“Marriage Story,” October 23, 2020 (2019), DVD of film made for Netflix. I’ve been a big fan of director Noah Baumbach since I emerged deep in thought (well, for me) from his 2005 The Squid and the Whale. This look at a Brooklyn couple’s dissolution in 1986, as one artistic career, the father’s, collapses while another, the mother’s, ascends, was both humorous and profoundly disturbing. As the couple dissolves, their two sons, struggle painfully to find their ways through the experience.
And now, welcome to “Marriage Story,” where a bi-coastal divorce pits two successful, career driven parents against one another in a cage match of emotional pain even as they both claim to be committed to an amicable, even peaceful, settlement, with shared care and time with their 8-year old son, Henry. While humorous in parts, this one is a sad look at the process of marital dissolution and the price exacted all-round–except, of course, on the lawyers.
Charlie (Adam Driver, Bronwen’s Alan Rickman replacement heart-throb—note the similarities) is a successful, creative avant-garde director in New York’s Off-Broadway theater scene. He’s about to move his latest to Broadway. Nicole (Scarlett Johansson who I appreciate only for exceptional talent as an actress and singer) is both his draw as a leading lady and his staunchest supporter. His muse? That remains to be seen. Nicole is desperate to feel herself the center of her own life and career, while Charlie wants his, constructed with her as junior partner, to proceed as before. Divorce mediation in NYC collapses, and when she leaves with Henry, and moves out to Hollywood to resume her career, this time in TV, she’s going to stay in that wonderful “space,” living with her mom Sandra (Julie Hagarty of Airplane!). Charlie’s arrival in LA brings news of his receipt of a Macarthur Fellowship. Is it his or theirs?
And then the lawyers get involved in this California divorce; first with shark Nora Fanshaw (Laura Dern, Oscar for this one) and almost sane nice guy Bert Spitz (a shaking Alan Alda) and then fellow shark Jay Marotta (Ray Liotta). Things move quickly to hardball and the accusations fly. The process degrades all the while Nicole is building a new career in LA, Henry is falling in love with his new home, and Charlie is struggling to maintain his career in NYC. A state observer arrives as a neutral to evaluate each parent. While Nicole the actor takes direction from Nora, Charlie the director loses control of his scene. Theater becomes reality. Nicole wants to be the director in her own artistic, personal and sexual life.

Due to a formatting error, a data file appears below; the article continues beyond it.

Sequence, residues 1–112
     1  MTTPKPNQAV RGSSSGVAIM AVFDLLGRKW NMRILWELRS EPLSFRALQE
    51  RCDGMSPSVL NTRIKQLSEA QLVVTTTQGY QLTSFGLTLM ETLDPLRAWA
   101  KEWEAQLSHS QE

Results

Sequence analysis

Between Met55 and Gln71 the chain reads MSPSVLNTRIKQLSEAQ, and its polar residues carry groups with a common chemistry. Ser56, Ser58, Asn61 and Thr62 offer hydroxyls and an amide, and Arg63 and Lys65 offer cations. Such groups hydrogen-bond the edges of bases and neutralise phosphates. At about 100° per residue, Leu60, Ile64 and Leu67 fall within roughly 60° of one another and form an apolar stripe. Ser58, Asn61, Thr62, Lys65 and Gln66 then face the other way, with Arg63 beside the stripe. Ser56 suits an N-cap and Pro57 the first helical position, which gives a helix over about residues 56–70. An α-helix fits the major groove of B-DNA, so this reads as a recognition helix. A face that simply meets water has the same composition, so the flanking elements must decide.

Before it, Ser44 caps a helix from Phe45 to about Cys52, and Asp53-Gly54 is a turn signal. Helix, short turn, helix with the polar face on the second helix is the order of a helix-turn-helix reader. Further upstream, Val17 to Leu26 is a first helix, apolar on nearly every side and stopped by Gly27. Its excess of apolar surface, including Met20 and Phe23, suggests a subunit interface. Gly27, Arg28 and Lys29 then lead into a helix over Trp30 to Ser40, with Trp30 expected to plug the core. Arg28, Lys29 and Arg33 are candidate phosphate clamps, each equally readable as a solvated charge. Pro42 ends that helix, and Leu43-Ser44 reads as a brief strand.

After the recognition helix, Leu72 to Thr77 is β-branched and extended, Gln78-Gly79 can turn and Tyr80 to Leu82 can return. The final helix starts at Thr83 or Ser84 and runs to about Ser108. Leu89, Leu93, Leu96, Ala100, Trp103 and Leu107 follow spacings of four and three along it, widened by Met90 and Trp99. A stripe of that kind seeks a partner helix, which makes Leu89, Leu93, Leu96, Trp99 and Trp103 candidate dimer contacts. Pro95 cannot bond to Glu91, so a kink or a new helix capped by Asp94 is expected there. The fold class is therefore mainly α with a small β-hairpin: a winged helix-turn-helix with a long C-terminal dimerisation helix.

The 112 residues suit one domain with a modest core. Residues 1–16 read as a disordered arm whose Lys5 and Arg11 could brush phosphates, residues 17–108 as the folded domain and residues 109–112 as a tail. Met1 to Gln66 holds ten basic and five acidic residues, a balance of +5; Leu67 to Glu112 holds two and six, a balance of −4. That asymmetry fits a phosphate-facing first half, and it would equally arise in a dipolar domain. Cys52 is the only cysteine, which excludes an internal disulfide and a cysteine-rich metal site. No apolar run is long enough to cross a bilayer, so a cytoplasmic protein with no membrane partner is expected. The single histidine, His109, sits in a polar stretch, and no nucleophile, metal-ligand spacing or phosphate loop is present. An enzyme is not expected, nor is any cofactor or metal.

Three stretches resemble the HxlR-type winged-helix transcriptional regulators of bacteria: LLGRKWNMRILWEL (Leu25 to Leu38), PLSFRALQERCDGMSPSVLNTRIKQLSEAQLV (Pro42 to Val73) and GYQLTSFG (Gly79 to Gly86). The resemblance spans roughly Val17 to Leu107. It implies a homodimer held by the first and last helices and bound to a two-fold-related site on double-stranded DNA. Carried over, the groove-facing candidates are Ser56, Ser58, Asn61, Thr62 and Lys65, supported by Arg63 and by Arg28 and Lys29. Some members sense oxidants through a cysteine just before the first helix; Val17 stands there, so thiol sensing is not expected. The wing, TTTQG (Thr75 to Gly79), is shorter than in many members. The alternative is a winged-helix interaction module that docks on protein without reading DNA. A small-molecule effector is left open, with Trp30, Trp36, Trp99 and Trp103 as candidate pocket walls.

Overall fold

Baumbach, who has vehemently stated this was not a take on his own divorce, speaks from his element, the artistic elite on both coasts, and he knows them well. Not surprisingly, this allows for lots of funny snipes at theater egos and TV folk banalities. But the overall tone here is sad, a timbre accentuated by the Randy Newman soundtrack that sometimes works and other times feels just anachronistic. And the losses experienced are not equal, as back-to-back songs from Sondheim’s “Company,” make clear. One is a comic, biting, chipper ironic number “You Could Drive a Person Crazy,” sung by Nicole and her mother and sister at a party, while the other is Charlie’s plaintive “Being Alive” sung initially with irony and then with an acute sense of loss in a bar.
This is a very good film. At its best, it plumbs questions of gender roles, love vs. control, parenting, and roles in relationships. What better place than the arts, with actors and directors, to take a look at these questions of roles? I would, however, love to see Baumbach move beyond his focus on the community and egos he knows. That knowledge makes for verisimilitude and an effective film. But does it reflect a limited imaginative range? I guess part of my irritation here is being tired of plays, films and TV about theater, film and TV. Perhaps it also reflects our collective fascination with celebrities and beautiful, talented people. He hints at that limit when he notes that the California rules of divorce are designed for different folks than form this story’s core. Still, I wish he’d move beyond these folks; are we that uninteresting or are we just less beautiful?
[I wrote this before watching the supplements included in the Criterion DVD package. I just did and would definitely suggest watching them if you’re fortunate enough to see this on DVD.]